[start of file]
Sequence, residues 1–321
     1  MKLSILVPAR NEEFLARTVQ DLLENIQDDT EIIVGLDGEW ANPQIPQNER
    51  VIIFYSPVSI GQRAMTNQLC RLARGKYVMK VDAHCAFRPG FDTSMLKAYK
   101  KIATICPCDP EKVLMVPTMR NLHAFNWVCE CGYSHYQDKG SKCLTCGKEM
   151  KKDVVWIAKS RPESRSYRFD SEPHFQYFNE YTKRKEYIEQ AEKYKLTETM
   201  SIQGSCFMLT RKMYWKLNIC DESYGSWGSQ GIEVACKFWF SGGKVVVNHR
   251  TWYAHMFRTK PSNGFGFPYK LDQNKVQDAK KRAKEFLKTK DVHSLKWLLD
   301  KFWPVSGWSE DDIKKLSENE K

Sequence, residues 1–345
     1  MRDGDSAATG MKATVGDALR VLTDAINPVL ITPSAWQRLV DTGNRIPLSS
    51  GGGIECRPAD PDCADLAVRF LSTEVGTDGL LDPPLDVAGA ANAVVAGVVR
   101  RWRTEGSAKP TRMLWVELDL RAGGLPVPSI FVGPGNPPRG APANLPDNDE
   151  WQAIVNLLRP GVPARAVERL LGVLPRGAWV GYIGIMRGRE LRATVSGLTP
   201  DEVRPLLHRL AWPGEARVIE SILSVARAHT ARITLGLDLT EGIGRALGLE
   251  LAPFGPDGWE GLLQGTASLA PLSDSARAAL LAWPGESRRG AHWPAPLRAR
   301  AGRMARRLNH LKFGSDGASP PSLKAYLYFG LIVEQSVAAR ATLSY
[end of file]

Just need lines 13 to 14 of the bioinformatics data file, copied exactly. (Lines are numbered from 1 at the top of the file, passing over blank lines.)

   151  WQAIVNLLRP GVPARAVERL LGVLPRGAWV GYIGIMRGRE LRATVSGLTP
   201  DEVRPLLHRL AWPGEARVIE SILSVARAHT ARITLGLDLT EGIGRALGLE